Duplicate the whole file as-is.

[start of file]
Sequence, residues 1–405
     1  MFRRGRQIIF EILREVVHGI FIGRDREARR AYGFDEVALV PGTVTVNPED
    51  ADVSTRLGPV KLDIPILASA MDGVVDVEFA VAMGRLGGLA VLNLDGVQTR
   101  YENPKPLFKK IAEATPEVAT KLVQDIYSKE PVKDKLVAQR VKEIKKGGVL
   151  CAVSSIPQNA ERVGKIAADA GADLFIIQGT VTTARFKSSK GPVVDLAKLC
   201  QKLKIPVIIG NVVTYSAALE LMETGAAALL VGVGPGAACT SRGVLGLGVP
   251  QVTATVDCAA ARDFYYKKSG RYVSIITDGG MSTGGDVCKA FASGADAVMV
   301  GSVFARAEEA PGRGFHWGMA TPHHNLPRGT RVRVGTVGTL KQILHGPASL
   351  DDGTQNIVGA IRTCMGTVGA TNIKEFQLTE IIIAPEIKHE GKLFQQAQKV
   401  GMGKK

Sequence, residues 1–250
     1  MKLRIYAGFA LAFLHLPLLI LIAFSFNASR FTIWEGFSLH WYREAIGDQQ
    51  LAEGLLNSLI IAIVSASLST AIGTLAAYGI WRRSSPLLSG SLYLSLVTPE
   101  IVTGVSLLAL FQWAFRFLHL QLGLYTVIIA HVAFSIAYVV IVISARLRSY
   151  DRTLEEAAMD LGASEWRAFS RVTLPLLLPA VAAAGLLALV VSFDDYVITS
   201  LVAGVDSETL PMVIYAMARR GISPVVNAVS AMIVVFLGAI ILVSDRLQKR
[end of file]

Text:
Sequence, residues 1–405
     1  MFRRGRQIIF EILREVVHGI FIGRDREARR AYGFDEVALV PGTVTVNPED
    51  ADVSTRLGPV KLDIPILASA MDGVVDVEFA VAMGRLGGLA VLNLDGVQTR
   101  YENPKPLFKK IAEATPEVAT KLVQDIYSKE PVKDKLVAQR VKEIKKGGVL
   151  CAVSSIPQNA ERVGKIAADA GADLFIIQGT VTTARFKSSK GPVVDLAKLC
   201  QKLKIPVIIG NVVTYSAALE LMETGAAALL VGVGPGAACT SRGVLGLGVP
   251  QVTATVDCAA ARDFYYKKSG RYVSIITDGG MSTGGDVCKA FASGADAVMV
   301  GSVFARAEEA PGRGFHWGMA TPHHNLPRGT RVRVGTVGTL KQILHGPASL
   351  DDGTQNIVGA IRTCMGTVGA TNIKEFQLTE IIIAPEIKHE GKLFQQAQKV
   401  GMGKK

Sequence, residues 1–250
     1  MKLRIYAGFA LAFLHLPLLI LIAFSFNASR FTIWEGFSLH WYREAIGDQQ
    51  LAEGLLNSLI IAIVSASLST AIGTLAAYGI WRRSSPLLSG SLYLSLVTPE
   101  IVTGVSLLAL FQWAFRFLHL QLGLYTVIIA HVAFSIAYVV IVISARLRSY
   151  DRTLEEAAMD LGASEWRAFS RVTLPLLLPA VAAAGLLALV VSFDDYVITS
   201  LVAGVDSETL PMVIYAMARR GISPVVNAVS AMIVVFLGAI ILVSDRLQKR